Between the translucent and the blue at Lydgalleriet

LYDGALLERIET, Bergen

20.02.21 – 04.04.21

8 channel 3D sound installation, powder-coated bent metal structures, copper audio cables, sub-woofer, 4 amplifiers, Jesmonite, Lycra, Polyester and fleece fabric, and urban debris

There is this place where time stops, holds up. Walking across the fading streets, in this year of dispersed rerouted empty archives, it seems like we’ve all given up too easily. Vampire youth light up corners, lingering at the edge of concrete benches and unbreakable glass windows, escaping small block of flats. Gyms shut down while in the background, widening lights of corporate shopping malls flicker in reflection all night and all day.  Under the cover of dawn, the intersecting multitude is not a meeting place but a disjointed lot – Also the rhizome of the unsaid and of dusk lines, all counterpoints to the well-lit center halls. Broken neon lights hanging loose, underscore blinking to the restlessness of life itself. In a fog, in downpour, or a muted morning. Still, time looking for a single point of failure. A gust blows past city tunnels under outskirt borders, queues split sideways, where resistance always fills the breeze breathing with the impossible. Here is where I felt something different. Something unwritten as the sound of the hidden city made barely visible. Surfaces that stretch out in un-gridded noise, a dispersion of waves, particles, and broken curves.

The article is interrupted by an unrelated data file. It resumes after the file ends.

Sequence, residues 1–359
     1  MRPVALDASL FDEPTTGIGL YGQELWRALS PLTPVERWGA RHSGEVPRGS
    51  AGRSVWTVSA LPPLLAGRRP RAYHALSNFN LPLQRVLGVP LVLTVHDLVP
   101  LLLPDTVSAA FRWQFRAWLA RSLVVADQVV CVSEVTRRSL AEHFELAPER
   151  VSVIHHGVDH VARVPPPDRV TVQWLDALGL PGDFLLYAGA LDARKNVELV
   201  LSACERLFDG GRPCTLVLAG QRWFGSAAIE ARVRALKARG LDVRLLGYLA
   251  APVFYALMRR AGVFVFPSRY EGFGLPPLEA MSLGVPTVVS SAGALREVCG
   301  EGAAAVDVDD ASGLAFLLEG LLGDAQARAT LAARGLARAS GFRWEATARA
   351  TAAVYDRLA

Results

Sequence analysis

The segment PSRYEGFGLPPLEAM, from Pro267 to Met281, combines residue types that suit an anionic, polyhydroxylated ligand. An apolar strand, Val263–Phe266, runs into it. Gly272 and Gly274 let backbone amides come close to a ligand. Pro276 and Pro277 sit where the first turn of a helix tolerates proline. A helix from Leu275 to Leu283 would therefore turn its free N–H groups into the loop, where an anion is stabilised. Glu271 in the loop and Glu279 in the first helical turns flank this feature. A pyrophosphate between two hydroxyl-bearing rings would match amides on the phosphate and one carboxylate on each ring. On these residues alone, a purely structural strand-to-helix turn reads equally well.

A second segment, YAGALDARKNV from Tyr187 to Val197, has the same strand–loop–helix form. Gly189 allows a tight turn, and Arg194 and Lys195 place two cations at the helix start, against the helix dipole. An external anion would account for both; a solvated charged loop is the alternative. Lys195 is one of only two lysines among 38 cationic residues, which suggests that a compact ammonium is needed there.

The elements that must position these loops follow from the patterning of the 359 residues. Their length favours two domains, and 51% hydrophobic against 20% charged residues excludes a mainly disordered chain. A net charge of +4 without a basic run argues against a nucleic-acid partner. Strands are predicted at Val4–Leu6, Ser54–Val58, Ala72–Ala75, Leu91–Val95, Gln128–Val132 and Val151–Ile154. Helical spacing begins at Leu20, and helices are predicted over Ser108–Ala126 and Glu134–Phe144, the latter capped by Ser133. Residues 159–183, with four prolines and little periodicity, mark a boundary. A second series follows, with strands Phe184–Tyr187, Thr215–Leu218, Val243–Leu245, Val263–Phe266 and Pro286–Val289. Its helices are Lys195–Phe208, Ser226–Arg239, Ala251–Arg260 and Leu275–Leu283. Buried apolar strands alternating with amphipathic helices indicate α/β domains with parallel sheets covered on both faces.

Between the translucent and the blue is a sound installation that focuses on auditory proximity between subject and space, stemming from an aural-architectural experience of 3D spatial sound and Ambisonic recordings. The sound piece unfolds recordings based on minimal sources like non-linear narratives and body movements within detached surfaces around urban infrastructures.  

Voice and movements in space: Noam Julian Vannucci, Tania Hinz

Special thanks to Paal Rasmussen

Simona Barbera – Between the Translucent and the Blue from Lydgalleriet on Vimeo.

video documentation by Samuel Brzeski

Interview by Ina Hagen in Kunstkritikk

Review / Bergen Tidende